Do the Tories have a Fuel Duty problem looming?

Do the Tories have a Fuel Duty problem looming?

What happened to Osborne’s Fair Fuel Stabiliser?

Two years ago, George Osborne launched a consultation on reform of Fuel Duty, with the aims of mitigating petrol prices when the they were high, keeping government revenue roughly neutral and providing greater certainty for motorists, business and government alike. We’ve not heard much of it since.

That’s a shame because motorists are currently being hit by a triple whammy that’s pushed petrol up to record levels and will increase it still further. The crude oil price rose to its highest level in over two years last week, including an increase of more than $20 a barrel in the last four months alone; fuel duty rose on New Year’s Day by the equivalent of 1p/litre after VAT, in line with Labour’s pre-election announcement which this government maintained; and VAT itself will increase on 4 January by 2.5%. In addition, sterling has drifted down in the last two months making oil – priced in dollars – even more expensive.

This is a particular problem for the Conservatives because rather like the Lib Dems and tuition fees, it’s an issue on which they’ve campaigned one way in opposition and appear to be going another way in government.

Even if the precise mechanics of a negative-tax stabiliser were too difficult to work through, the edge could be taken off high prices and volatility if VAT on petrol and diesel were reduced to the lower rate of 5% and the difference made up in duty.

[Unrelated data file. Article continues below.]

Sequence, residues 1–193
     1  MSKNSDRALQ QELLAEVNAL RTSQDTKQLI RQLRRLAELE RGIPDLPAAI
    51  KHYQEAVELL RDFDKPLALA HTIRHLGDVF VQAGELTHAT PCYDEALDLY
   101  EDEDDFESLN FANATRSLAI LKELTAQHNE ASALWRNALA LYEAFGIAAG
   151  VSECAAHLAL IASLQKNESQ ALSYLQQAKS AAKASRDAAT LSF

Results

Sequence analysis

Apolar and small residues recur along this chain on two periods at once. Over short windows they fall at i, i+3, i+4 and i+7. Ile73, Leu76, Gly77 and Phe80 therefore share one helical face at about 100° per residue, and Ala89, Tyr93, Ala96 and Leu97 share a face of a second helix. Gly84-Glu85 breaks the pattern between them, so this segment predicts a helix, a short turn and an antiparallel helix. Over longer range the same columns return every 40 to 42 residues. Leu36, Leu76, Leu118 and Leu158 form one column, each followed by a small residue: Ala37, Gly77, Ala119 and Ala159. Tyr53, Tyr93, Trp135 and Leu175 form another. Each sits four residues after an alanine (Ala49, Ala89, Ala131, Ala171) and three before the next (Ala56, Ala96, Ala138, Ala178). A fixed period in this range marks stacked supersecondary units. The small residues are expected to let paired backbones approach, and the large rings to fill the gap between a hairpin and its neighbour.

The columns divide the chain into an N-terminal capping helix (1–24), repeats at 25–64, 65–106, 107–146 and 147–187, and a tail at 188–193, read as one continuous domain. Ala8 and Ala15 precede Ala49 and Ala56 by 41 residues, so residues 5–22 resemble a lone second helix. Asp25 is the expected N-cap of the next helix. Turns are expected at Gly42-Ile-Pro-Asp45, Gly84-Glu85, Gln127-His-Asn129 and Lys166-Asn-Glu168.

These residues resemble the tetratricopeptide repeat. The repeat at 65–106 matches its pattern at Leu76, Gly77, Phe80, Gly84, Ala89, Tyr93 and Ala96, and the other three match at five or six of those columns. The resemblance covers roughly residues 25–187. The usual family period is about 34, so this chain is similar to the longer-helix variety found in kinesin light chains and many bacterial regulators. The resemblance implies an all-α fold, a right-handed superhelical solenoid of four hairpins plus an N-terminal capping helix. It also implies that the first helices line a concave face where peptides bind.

Politically, petrol is a particularly volatile consumable. It’s not just that it’s an essential for so many people, it’s that it’s one of the few items whose exact price most people know. Any change in that price is therefore very visible – literally, as it’s advertised on main roads all over the country.

So an increase of 4p/litre, at the same time as other prices are going up due to the VAT rise, could be quite a major driver of opinion, especially if there are more increases in the pipeline should oil continue to rise. No doubt Osborne, now he is in the Treasury, appreciates the revenue all this brings in and perhaps that’s been a factor in his thinking not to cancel the scheduled increase.

The next scheduled increase is on April 1: a somewhat inauspicious day. With the budget due to take place before then is before then Osborne would do well to revisit the principle behind his Fuel Stabiliser. After all, it’s always better to be seen to lead the change than to be forced into it.

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  • David Herdson

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